On behalf of the Office of the Assistant Secretary for Planning and Evaluation (ASPE) within the Department of Health and Human Services (HHS), NORC conducted this study to examine how expanded insurance coverage and enhanced coverage of clinical preventive services has changed how individuals seek healthcare services, shifts where preventive services are obtained, and affects the role of state and local health departments within their communities.
Project activities included case studies to ten states, and ongoing consultation with a Technical Advisory Group (TAG). Qualitative data were collected via interviews with staff from state health departments and select local health departments (LHDs). Interviewees included the state health officer, program staff, Medicaid staff, and LHD staff. Participating states varied in terms of geography, provision of clinical services, population served, and Medicaid expansion status. This study was a follow-on to the FY2012 study “Implications of the Affordable Care Act for HHS Public Health Programs” that NORC conducted for ASPE.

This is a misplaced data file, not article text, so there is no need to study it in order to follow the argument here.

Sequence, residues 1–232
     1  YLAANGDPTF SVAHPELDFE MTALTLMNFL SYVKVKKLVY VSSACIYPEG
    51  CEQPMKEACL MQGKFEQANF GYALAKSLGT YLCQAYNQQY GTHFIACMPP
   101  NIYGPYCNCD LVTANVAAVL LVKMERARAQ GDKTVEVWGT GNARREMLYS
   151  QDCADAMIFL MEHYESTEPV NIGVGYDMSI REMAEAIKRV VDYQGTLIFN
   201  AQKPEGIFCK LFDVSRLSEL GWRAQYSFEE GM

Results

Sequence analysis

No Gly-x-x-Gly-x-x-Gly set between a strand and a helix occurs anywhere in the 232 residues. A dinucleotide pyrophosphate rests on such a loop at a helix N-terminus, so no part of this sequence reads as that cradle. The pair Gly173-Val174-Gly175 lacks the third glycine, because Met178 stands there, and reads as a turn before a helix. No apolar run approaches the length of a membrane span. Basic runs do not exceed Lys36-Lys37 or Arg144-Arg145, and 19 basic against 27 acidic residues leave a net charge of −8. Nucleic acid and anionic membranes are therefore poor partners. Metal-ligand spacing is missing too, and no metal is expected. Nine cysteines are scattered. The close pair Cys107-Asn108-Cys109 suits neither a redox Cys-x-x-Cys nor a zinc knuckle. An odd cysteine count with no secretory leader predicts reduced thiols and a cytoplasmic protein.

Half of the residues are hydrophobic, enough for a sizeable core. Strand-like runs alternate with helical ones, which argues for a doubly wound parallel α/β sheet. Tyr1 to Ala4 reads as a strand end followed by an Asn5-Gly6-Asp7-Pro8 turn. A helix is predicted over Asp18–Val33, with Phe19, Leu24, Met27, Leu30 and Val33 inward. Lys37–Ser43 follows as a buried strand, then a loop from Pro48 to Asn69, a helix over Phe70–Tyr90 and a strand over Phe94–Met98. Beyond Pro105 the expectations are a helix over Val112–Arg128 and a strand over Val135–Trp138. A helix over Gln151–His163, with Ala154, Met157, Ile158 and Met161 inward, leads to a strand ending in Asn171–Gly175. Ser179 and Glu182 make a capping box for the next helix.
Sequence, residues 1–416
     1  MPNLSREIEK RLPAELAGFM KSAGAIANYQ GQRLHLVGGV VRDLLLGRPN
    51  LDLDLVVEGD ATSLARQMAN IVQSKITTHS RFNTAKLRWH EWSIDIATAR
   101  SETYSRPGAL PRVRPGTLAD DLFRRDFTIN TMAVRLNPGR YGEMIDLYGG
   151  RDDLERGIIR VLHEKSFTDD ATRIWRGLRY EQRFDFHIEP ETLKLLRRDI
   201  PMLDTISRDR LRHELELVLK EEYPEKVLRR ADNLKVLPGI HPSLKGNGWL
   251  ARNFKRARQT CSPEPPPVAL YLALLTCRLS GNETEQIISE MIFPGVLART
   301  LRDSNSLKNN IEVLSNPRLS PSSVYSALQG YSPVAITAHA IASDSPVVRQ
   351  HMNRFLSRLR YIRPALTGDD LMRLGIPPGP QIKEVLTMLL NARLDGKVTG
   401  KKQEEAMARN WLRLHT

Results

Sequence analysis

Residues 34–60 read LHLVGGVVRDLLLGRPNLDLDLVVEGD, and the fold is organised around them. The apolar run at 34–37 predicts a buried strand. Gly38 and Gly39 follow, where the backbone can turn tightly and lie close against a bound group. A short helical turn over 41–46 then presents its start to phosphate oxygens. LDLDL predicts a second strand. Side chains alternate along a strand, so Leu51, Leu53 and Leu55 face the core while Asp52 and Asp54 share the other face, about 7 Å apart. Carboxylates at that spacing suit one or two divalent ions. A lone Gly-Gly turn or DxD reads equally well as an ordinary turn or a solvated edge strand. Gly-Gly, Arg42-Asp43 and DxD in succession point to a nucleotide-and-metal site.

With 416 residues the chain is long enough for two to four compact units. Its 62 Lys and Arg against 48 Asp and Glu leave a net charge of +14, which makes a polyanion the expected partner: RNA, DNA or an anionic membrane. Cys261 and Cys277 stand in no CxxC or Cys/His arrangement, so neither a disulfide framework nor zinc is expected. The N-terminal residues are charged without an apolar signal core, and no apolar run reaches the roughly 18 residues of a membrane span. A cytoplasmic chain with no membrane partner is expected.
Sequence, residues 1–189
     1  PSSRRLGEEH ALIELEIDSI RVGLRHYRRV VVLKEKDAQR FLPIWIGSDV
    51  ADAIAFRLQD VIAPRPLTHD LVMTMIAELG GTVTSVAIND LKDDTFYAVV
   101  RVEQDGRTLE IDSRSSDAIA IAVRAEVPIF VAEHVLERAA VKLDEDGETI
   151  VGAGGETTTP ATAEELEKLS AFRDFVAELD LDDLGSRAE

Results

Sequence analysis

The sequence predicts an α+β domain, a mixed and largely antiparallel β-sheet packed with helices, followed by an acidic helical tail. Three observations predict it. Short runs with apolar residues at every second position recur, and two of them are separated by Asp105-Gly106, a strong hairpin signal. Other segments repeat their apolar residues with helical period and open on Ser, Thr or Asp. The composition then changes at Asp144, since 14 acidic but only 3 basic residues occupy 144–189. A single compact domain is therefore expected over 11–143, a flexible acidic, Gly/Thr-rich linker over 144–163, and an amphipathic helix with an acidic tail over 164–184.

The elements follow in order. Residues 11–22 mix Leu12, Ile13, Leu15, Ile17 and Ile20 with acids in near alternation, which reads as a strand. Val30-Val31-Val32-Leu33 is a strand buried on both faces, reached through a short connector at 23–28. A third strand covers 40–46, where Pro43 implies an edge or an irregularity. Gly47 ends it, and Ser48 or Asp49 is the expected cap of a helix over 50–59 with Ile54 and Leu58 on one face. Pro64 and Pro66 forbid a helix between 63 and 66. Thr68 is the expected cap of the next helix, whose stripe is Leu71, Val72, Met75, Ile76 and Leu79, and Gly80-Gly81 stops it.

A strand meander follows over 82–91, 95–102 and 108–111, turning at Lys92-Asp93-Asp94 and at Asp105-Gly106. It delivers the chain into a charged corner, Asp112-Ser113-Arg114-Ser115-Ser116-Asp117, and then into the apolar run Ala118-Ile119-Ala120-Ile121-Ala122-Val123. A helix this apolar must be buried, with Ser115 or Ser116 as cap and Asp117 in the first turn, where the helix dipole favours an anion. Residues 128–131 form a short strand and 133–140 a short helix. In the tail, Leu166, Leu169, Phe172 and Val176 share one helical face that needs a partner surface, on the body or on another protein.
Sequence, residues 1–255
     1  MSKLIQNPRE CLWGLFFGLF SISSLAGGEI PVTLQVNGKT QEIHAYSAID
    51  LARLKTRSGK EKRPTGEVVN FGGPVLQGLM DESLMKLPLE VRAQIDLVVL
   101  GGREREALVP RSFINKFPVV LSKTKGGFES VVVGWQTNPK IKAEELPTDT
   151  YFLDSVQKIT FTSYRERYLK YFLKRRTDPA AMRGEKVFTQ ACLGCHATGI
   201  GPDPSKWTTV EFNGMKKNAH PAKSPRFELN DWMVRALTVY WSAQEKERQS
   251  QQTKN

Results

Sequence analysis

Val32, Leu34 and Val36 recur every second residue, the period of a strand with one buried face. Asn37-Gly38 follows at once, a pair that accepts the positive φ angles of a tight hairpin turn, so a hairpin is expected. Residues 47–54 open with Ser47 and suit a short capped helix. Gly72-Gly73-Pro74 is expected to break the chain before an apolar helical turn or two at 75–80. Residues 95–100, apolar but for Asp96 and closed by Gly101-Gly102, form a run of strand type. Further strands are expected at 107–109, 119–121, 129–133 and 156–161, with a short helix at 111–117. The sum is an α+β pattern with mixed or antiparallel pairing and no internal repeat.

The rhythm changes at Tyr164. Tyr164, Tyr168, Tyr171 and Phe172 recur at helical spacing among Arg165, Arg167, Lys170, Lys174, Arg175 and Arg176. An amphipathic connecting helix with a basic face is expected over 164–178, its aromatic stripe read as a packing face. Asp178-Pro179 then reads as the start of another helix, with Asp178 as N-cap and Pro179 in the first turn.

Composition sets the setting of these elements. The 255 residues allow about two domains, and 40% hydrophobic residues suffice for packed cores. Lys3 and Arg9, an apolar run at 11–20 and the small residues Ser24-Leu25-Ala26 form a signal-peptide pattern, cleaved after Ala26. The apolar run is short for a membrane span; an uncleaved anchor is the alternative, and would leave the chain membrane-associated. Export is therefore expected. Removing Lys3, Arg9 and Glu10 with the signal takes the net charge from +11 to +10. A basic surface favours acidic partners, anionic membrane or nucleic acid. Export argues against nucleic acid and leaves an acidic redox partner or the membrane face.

The study identified how health departments have responded to health reform and the anticipated future changes to public health practice. Findings show that health departments have seen reductions in client volume for some public health programs (e.g., immunizations, breast and cervical cancer screening) since the implementation of health reform. While states are expanding their capacity to bill for services, they report that billing is unlikely to fully replace program revenue should program funds be reduced. Many study respondents discussed that some health departments may need to continue providing preventive services, especially in areas where there is an insufficient number of providers.